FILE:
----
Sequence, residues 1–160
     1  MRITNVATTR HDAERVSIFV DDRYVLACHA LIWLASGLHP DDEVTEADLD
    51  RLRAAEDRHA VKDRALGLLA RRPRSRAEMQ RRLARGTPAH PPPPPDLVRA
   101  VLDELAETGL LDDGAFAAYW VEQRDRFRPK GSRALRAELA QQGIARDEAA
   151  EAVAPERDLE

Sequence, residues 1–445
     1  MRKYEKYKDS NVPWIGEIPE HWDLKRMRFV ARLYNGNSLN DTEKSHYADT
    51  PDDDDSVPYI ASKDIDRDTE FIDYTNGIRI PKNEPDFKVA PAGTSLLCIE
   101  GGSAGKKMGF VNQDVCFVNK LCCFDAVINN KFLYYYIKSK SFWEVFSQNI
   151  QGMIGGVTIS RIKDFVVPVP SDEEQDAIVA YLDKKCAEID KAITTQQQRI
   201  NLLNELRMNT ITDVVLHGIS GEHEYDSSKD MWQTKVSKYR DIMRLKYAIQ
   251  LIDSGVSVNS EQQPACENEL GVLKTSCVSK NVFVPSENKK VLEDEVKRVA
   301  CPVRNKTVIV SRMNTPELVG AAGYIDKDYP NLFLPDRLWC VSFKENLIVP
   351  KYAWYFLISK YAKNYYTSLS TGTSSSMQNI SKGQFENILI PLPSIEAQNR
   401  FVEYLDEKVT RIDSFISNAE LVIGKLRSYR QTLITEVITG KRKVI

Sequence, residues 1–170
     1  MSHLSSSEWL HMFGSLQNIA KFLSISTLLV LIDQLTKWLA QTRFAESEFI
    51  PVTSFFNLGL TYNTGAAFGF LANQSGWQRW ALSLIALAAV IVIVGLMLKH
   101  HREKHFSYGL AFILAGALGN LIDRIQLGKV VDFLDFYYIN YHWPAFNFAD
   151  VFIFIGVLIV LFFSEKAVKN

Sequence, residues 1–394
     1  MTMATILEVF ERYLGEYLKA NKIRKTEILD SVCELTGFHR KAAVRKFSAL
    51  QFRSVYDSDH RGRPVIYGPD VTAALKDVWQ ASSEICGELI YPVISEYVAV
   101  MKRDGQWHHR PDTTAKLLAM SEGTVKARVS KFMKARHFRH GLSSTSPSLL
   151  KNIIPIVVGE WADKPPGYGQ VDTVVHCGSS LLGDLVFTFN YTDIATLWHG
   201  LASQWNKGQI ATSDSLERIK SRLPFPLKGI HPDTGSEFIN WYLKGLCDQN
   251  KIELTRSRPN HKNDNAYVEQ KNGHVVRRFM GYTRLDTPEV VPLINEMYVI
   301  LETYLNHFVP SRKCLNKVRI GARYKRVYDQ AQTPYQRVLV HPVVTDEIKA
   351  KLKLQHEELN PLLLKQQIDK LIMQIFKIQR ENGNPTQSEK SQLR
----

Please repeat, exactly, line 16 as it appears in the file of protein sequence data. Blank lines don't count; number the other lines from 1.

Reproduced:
Sequence, residues 1–170